Everyone needs a watering can

Last week, the gardens got very dry. It seems to be the one down side to my raised beds out front: they drain very quickly. Since I now have three rain barrels, however, I managed to water them every few days by hauling watering can after watering can to the front yard.

As I watered–a slow process to be sure–I thought of writer Patrick Lima’s comment about the tedious job of thinning carrot seedlings. It is a job he refers to as ‘meditative thinning’. I have now begun to think of my watering that way. It is a quiet task, and one that cannot be hurried. The water will only pour as fast as it will pour. And, as the rain barrels empty, water flows out more and more reluctantly. I seem to find myself engaged in ‘meditative watering’ a fair bit.

Although I will confess that on occasion I sigh to myself and wish the water to hurry up, I like the the fact that watering by hand forces me into a few leisurely moments. I might notice that a few weeds need pulling, but I am not weeding. I might think about how I could trim off spent blooms, but I am not snipping. I am free to simply observe the progress of the beans or the colour of the lettuce.

It is a sabbatical luxury, this meditative watering. I am keenly aware that right now there is ample time and space in my life to let a job like this take more time than usual. I can be completely inefficient and yet not feel at all frustated or uptight. Which also makes me think there must be something wrong with the way we usually live, all hustle and bustle, hurry-up, hurry-up. Why do our regular lives not have room for a few minutes of quiet, restful observation? Why are we always so focused on output, efficiency and finished products? Why have so many people suggested to me, as I pour water from a spout, that a hose could be attached to my rain barrel so I wouldn’t have to water by hand at all?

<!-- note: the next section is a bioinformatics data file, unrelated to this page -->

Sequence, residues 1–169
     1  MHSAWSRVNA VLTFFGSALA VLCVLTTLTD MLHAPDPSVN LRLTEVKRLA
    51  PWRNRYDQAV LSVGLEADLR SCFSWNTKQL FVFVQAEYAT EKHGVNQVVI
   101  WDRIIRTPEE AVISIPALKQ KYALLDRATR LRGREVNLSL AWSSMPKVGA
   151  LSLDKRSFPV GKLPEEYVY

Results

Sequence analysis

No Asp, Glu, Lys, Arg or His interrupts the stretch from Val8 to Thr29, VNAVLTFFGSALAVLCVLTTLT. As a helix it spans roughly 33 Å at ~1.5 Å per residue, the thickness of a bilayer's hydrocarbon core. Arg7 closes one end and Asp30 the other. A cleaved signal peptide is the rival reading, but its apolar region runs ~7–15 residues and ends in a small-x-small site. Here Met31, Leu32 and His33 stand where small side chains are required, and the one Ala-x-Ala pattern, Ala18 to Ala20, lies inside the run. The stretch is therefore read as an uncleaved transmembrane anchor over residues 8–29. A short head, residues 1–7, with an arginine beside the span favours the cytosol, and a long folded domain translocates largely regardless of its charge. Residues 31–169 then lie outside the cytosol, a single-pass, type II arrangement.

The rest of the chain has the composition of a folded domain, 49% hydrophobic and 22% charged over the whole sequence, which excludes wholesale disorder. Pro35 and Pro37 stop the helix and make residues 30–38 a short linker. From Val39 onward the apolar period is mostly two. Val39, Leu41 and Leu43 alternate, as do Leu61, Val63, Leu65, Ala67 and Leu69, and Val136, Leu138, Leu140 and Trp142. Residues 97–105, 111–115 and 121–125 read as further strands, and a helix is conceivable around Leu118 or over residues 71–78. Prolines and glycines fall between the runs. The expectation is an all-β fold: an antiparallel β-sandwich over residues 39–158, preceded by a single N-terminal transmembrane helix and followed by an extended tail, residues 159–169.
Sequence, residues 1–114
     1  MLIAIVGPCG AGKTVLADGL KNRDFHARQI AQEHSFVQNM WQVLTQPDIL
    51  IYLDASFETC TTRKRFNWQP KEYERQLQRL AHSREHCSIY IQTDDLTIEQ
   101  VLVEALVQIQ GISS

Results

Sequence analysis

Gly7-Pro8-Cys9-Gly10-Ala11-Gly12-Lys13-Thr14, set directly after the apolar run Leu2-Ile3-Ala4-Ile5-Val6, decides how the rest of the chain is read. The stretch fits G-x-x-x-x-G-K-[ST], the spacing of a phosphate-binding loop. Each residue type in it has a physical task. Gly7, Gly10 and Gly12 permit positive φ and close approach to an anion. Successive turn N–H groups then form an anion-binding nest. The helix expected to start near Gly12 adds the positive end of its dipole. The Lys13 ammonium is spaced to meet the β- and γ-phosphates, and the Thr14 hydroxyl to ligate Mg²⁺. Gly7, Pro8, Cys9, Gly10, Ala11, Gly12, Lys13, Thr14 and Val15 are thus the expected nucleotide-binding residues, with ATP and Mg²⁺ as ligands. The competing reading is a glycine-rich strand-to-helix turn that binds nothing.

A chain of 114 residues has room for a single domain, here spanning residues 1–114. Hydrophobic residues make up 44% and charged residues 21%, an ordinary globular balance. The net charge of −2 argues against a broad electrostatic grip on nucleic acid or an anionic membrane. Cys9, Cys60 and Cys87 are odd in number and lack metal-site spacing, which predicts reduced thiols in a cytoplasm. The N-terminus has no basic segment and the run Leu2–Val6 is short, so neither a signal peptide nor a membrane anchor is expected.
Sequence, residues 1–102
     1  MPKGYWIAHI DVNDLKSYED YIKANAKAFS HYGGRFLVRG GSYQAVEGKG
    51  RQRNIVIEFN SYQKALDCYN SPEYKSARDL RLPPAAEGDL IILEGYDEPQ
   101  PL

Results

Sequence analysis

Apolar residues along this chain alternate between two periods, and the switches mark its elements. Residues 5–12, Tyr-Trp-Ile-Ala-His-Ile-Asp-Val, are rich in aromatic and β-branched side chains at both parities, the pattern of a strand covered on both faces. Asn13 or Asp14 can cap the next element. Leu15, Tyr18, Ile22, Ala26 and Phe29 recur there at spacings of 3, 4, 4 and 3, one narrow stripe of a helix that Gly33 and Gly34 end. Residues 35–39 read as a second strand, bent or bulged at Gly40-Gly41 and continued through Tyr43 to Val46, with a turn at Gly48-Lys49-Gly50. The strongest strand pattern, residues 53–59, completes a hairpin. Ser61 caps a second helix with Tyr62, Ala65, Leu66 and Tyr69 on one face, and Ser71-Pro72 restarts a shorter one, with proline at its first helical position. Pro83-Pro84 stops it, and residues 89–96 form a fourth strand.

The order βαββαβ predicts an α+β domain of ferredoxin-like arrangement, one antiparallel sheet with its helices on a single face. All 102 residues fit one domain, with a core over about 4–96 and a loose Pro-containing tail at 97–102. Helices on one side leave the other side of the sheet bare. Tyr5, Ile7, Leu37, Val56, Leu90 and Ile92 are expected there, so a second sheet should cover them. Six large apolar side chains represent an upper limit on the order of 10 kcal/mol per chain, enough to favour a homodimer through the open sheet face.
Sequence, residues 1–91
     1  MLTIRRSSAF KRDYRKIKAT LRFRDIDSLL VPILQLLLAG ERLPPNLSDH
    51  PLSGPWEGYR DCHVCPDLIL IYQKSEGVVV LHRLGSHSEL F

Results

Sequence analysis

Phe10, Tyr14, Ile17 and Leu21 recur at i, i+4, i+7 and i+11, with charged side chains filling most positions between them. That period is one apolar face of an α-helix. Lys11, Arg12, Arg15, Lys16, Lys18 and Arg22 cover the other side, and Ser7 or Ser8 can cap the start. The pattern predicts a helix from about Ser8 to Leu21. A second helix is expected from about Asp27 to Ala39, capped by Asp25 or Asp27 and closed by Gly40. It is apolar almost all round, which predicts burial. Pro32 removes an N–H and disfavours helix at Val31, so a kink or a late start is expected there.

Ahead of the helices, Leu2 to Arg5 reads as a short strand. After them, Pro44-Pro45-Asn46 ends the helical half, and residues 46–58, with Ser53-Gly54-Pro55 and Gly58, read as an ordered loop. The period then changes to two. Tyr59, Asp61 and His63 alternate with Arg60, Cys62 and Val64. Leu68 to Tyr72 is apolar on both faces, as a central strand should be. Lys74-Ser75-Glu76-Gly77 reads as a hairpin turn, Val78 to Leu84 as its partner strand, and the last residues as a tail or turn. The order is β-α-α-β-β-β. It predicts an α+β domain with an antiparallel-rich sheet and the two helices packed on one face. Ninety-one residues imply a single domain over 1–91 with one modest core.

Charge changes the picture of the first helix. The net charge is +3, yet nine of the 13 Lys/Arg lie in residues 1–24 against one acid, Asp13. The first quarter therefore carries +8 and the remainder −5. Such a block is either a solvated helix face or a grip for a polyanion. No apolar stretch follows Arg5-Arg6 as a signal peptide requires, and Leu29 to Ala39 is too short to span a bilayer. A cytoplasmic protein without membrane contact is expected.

This week, as I visited the garden of my friend’s mother, I noticed that she had a beautiful vintage watering can sitting at her back door. She has tended her backyard with it for sixty years now, slowly watering her plants by hand instead of with a hose. I know that she has engaged in the same kind of meditative watering as I have, and she wasn’t even on sabbatical. I really admire that.

One of the goals of my sabbatical is to learn new ways of living once I return to parish life. So I am thinking that there might be other mundane tasks that I could learn to do differently. Perhaps I could try meditative vegetable chopping? Or meditative ironing? Hmmmm. For now I think I’ll stick to meditative watering.

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